Transgender pregnancy raises a host of issues
A transgender man in Bend, Ore., claims he is five months' pregnant in a case that would stretch the meaning of the 21st-century family...
A transgender man in Bend, Ore., claims he is five months' pregnant in a case that would stretch the meaning of the 21st-century family and the limits of personal pronouns.
But what sounds like science fiction or tabloid hype may be more a matter of semantics, hormones and personal choice.
The reported parent-to-be was born female but identifies as a man, he writes in his first-person account posted this week by The Advocate, a national gay publication. He legally changed his name to Thomas Beatie and married a woman named Nancy. Beatie declined to answer questions, citing an exclusive contract with another media outlet.
About 10 years ago, Beatie had breast-removal surgery and started male hormones, he writes, but kept the uterus and female genitals. After moving from Hawaii to Bend, the couple decided two years ago to have a child.
Nancy couldn't carry the child because she had had a hysterectomy. So Beatie stopped testosterone injections, and menstrual periods returned within four months. He says he conceived through artificial insemination at home with sperm bought from a sperm bank and that he didn't take fertility drugs.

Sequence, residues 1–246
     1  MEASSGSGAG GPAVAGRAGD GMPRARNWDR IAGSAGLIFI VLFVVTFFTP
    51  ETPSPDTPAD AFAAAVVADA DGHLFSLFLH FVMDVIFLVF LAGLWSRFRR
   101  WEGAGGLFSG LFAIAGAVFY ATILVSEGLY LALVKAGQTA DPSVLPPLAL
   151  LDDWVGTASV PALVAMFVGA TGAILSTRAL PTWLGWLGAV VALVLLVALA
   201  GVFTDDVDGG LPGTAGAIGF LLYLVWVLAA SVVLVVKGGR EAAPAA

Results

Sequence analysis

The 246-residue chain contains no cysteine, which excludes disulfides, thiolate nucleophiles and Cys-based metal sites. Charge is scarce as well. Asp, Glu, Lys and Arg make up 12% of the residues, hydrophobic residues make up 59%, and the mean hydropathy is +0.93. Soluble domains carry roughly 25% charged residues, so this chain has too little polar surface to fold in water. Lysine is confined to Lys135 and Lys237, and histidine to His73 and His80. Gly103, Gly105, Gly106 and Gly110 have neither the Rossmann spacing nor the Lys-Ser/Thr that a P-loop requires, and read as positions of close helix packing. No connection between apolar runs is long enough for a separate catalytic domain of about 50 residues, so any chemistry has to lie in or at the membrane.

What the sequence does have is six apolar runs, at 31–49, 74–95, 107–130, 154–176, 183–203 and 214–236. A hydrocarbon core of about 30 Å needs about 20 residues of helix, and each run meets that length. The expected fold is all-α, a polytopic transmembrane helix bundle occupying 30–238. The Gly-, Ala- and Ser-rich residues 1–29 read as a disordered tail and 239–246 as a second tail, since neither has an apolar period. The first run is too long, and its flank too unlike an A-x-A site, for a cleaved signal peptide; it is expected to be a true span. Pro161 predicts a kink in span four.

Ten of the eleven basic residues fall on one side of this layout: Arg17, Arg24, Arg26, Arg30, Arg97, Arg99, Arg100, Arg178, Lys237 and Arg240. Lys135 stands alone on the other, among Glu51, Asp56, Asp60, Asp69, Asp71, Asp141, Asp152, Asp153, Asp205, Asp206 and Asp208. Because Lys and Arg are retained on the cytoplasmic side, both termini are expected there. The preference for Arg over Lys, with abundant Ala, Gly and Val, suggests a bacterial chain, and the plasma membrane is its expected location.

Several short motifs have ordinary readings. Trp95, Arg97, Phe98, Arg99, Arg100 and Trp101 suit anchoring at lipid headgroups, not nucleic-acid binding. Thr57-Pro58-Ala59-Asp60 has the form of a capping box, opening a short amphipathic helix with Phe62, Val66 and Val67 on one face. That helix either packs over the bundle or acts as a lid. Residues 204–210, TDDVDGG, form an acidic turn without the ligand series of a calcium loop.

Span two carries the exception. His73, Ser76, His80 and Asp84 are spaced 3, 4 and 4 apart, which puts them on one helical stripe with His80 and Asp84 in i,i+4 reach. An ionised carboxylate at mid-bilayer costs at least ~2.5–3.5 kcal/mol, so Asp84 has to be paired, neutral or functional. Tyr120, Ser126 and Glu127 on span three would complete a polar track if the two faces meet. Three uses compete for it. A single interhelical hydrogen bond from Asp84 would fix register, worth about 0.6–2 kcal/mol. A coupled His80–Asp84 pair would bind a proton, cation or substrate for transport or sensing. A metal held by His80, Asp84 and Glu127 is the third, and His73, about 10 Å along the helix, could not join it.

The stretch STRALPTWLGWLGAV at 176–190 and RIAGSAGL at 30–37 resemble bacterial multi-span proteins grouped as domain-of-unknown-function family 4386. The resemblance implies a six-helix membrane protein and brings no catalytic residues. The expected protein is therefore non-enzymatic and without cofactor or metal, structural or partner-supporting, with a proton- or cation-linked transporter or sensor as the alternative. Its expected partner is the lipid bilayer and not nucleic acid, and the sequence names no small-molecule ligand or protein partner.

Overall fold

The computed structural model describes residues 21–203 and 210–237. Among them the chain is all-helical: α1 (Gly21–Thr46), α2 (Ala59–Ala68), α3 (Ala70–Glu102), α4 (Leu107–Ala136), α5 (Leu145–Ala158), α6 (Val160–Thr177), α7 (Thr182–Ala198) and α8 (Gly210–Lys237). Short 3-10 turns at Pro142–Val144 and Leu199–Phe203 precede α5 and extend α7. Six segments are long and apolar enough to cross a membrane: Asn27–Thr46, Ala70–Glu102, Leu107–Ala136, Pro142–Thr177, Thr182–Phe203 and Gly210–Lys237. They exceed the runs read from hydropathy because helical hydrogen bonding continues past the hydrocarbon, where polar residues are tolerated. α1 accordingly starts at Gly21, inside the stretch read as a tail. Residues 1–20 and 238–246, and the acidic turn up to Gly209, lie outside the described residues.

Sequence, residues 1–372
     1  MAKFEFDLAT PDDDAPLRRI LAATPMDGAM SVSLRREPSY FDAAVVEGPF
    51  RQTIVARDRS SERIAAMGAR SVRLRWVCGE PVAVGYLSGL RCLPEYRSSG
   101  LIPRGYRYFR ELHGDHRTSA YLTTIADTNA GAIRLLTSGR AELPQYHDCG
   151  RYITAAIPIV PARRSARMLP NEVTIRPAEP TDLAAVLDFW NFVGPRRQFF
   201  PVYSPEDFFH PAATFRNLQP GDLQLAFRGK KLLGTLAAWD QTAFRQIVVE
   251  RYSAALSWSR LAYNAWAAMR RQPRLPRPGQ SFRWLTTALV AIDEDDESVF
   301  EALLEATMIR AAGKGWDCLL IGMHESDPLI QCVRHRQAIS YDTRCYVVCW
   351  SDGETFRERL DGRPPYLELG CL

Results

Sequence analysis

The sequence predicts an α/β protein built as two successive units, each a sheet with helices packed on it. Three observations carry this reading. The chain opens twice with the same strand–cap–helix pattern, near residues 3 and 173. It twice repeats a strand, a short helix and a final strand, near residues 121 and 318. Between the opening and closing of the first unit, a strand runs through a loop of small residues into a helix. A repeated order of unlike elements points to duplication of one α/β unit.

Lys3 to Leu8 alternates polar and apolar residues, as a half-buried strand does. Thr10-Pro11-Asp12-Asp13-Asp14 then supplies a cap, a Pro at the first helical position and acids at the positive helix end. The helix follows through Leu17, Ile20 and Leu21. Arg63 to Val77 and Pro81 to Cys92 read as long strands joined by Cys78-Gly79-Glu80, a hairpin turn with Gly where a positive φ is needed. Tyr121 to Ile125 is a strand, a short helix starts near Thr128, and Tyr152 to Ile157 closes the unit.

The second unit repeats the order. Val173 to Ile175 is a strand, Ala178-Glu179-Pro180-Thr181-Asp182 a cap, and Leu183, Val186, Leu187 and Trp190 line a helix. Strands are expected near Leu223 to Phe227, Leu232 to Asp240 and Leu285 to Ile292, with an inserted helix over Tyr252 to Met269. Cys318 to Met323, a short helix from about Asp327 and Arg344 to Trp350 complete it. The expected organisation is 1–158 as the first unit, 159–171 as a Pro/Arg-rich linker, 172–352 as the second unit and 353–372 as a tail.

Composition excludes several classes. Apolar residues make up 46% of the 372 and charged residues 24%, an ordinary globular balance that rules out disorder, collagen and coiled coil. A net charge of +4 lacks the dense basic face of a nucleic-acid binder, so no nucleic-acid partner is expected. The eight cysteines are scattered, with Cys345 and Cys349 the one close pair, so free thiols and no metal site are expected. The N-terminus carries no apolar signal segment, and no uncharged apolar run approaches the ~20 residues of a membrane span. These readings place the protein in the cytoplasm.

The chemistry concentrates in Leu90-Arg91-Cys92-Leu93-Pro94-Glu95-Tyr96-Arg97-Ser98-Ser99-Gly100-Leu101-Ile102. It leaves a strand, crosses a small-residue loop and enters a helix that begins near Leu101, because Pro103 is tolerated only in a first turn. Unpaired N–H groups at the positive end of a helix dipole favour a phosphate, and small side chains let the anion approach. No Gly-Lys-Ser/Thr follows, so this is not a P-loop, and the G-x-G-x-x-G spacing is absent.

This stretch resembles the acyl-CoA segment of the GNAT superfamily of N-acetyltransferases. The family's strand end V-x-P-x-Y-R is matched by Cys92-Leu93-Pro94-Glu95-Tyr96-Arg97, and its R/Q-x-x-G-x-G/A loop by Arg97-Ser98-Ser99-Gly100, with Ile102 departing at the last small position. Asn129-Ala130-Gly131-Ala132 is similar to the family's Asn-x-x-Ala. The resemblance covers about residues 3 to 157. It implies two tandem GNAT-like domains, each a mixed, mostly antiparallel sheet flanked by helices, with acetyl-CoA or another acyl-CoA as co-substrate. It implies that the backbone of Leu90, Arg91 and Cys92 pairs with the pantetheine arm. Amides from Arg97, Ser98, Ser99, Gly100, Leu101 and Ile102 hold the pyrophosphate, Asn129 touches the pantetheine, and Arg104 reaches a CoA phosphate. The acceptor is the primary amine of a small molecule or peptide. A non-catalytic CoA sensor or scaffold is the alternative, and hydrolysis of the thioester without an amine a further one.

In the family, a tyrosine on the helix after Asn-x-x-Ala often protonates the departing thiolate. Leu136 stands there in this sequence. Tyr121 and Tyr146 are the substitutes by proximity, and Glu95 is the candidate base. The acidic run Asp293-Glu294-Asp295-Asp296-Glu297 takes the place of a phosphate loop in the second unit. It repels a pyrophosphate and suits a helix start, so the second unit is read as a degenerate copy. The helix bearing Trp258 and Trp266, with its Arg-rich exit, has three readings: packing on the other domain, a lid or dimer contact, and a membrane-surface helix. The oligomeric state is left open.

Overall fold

Doctors said the case, while exceptional, is believable.
"Biologically, that all sounds plausible," said Dr. Mark Nichols, medical director of Planned Parenthood of the Columbia/Willamette and professor of obstetrics and gynecology at Oregon Health & Science University (OHSU).
Beatie's daughter is due around July 3, he writes in the "First Person" feature in the April 8 edition of The Advocate. It was released online this week and picked up on national television. A phone call to The Advocate asking how details about the account were verified wasn't returned.
"To Nancy, I am her husband carrying our child," he writes. "I will be my daughter's father, and Nancy will be her mother. We will be a family."
Many transgender men opt not to have radical reconstructive surgery because it can cost tens of thousands of dollars and offers imperfect results, Nichols said. Instead, they choose hormonal treatment or declare themselves men and ask to be referred to by a different pronoun.
"I don't doubt that there are other cases" of transgender men having babies, said Dr. Paula Amato, a reproductive endocrinologist at OHSU.
The most troubling aspect of the case, she said, was Beatie's allegation that some doctors refused to treat him.
"Our situation sparks legal, political and social unknowns," Beatie writes. "We have only begun experiencing opposition from people who are upset by our situation," including friends and relatives.
Beatie runs a custom screen-printing business in Bend that specializes in embroidered T-shirts. A "closed" sign hung in the window Tuesday.
Near the Beaties' tidy two-story Craftsman-style home, neighbors Timothy and Janet Boland were surprised by the news that Thomas Beatie was pregnant. The retired couple said they had gotten to know the Beaties over the last year and a half through neighborhood parties.
"They've always been very friendly," Timothy Boland said.
"We like them," Janet Boland added.
Copyright © 2008 The Seattle Times Company